Villagers divided on spending $340,000 on chairlifts for swimming pools

A poll shows that Villagers are divided on the idea of spending $340,000 on chairlifts for swimming pools.

The Project Wide Advisory Committee this week discussed the possibility of spending $340,000 of residents’ amenity money to install aquatic chairlifts at 34 swimming pools.

A poll conducted by showed that 52 percent of respondents favor the installation of the chairlifts, while 48 percent do not. heard from many readers on the topic.

“Only add them where they are needed. It is a waste of money to put them in places where they won’t be used,” said Peter Jackson, of the San Pedro Villas.

An aquatic chairlift at a pool in The Villages.

Another reader agreed.

“I think if we have one ADA pool within a 5-mile radius that would be plenty,” said George Grafer, of the Village of  Virginia Trace.

The sticker shock of installing 34 chairlifts at $10,000 each stirred similar responses.

“I feel there is an obligation to allow the handicapped people to enjoy the pools of our Village. However, I don’t believe we need to have a lift at so many pools. More than likely, the person it will help will not be riding a golf cart to the pool or maybe even driving themselves. Instead, maybe put 12 lifts at various pools that are not too far from most of the villages, thereby reducing the cost considerably while helping those who need them,” said Pat Moran, of the Village of Hillsborough.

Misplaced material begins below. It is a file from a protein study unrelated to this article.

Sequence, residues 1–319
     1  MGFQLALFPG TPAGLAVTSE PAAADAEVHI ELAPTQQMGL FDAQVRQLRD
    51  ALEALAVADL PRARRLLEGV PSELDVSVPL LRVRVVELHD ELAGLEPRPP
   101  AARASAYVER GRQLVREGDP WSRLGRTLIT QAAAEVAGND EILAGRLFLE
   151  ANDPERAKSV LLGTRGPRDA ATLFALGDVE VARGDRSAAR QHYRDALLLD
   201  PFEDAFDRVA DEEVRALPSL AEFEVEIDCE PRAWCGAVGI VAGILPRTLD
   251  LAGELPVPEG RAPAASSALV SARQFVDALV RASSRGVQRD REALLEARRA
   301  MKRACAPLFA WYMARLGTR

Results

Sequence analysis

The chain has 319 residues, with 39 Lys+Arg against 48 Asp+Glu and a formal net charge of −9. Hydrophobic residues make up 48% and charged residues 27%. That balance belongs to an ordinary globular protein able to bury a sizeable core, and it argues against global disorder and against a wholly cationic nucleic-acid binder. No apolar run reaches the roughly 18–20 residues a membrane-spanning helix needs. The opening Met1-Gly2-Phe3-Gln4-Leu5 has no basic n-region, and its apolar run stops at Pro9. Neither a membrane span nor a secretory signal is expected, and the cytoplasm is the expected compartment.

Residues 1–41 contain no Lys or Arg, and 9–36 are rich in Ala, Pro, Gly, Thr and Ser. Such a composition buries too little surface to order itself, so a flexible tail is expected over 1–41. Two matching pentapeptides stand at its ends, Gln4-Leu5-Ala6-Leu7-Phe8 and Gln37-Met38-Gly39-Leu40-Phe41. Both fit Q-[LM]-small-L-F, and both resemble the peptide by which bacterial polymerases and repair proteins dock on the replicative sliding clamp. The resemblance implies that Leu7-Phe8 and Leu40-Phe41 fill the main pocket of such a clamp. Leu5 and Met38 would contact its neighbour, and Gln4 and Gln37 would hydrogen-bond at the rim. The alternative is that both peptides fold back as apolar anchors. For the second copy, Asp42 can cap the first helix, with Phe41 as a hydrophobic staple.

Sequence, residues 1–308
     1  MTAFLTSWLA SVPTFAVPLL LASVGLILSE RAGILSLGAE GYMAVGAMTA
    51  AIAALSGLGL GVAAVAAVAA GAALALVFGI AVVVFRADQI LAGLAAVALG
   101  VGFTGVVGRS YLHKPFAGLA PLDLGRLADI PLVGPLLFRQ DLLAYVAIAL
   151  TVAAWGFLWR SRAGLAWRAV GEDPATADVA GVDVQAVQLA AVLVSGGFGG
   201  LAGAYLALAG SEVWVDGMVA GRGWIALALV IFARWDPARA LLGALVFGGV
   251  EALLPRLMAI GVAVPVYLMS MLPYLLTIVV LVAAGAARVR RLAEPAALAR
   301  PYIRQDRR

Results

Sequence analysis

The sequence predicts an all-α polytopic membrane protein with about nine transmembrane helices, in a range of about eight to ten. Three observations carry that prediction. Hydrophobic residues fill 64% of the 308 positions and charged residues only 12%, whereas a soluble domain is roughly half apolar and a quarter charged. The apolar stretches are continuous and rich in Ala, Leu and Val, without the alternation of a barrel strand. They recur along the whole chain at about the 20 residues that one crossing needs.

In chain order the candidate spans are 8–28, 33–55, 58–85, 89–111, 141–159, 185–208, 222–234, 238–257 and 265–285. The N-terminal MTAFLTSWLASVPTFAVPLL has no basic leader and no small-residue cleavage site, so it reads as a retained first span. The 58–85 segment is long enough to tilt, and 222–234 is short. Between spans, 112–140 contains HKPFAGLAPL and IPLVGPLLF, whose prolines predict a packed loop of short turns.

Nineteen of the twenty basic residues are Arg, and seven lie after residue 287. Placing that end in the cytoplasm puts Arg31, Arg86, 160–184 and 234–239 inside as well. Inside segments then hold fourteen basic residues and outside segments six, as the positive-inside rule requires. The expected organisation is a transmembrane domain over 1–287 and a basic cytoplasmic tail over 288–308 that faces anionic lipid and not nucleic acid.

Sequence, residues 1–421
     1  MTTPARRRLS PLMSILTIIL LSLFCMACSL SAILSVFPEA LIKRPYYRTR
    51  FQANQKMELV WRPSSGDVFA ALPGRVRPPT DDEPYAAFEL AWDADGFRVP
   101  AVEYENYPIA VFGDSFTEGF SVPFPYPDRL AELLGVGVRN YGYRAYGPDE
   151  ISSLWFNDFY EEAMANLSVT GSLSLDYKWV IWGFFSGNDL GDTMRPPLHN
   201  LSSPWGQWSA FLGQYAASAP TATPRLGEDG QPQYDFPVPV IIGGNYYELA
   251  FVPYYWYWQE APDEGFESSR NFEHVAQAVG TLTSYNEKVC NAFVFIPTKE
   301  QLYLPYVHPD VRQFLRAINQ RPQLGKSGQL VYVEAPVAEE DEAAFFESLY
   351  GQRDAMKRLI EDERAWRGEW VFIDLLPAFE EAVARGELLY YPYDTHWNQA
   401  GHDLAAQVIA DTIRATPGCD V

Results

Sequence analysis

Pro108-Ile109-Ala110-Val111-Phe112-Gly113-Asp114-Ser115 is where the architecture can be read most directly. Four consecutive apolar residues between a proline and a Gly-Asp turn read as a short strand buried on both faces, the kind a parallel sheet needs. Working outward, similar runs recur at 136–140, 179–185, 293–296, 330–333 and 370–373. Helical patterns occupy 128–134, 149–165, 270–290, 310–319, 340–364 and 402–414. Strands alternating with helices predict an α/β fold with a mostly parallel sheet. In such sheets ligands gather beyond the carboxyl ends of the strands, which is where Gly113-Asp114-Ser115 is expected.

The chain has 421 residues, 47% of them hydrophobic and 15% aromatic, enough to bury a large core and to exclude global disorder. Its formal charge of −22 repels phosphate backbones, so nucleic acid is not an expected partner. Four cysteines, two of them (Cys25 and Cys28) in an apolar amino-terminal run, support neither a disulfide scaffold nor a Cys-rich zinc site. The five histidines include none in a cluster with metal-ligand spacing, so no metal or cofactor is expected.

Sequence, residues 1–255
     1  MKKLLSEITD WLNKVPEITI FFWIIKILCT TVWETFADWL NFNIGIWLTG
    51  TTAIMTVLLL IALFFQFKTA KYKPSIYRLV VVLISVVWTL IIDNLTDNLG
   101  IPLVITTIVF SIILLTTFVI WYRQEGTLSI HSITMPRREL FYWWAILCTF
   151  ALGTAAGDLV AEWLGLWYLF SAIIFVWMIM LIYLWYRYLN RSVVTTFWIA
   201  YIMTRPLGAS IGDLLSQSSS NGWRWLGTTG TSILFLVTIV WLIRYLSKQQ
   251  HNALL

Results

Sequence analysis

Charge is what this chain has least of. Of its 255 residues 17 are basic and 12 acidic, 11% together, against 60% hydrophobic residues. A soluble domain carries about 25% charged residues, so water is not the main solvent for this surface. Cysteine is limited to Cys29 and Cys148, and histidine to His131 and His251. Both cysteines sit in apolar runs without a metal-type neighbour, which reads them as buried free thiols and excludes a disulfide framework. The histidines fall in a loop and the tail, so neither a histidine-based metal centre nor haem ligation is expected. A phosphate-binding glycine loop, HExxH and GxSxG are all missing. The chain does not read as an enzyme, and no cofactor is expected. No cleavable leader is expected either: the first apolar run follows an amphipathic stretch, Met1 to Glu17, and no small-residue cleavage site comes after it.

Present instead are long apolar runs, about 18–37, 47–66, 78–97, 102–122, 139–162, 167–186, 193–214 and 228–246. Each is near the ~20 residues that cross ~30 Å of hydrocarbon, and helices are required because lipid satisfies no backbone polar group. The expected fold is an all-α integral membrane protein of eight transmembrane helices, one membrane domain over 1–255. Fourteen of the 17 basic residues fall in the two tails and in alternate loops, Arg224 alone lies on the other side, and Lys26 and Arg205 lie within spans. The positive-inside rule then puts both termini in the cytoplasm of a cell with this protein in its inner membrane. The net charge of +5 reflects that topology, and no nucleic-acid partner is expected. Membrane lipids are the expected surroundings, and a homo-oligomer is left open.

There is plenty of support for the installation of the chairlifts.

“I’m at a loss to understand why this issue is even under debate. The ADA requires accessibility, period.  Do we force disabled people to sit outside until enough of them assemble?  How many is enough?  Come on, people,” said Doris Bryant, of the Village of  Briar Meadow.

Sandy Fuller, of the Village of Glenbrook, said chairlifts simply make sense in a senior community.

“What seems simple to someone who has not experienced a handicap, is very difficult for those who are,” she said.

Another reader said providing access is the right thing to do in Florida’s Friendliest Hometown.

“Exclusion doesn’t suit The Villages. To exclude disabled, wheelchair persons is NOT the picture I want to see and will not defend. Do unto others,” said Veronica Goldman, of the Village of Santo Domingo.

PWAC members are expected to take up the topic again when they meet in February.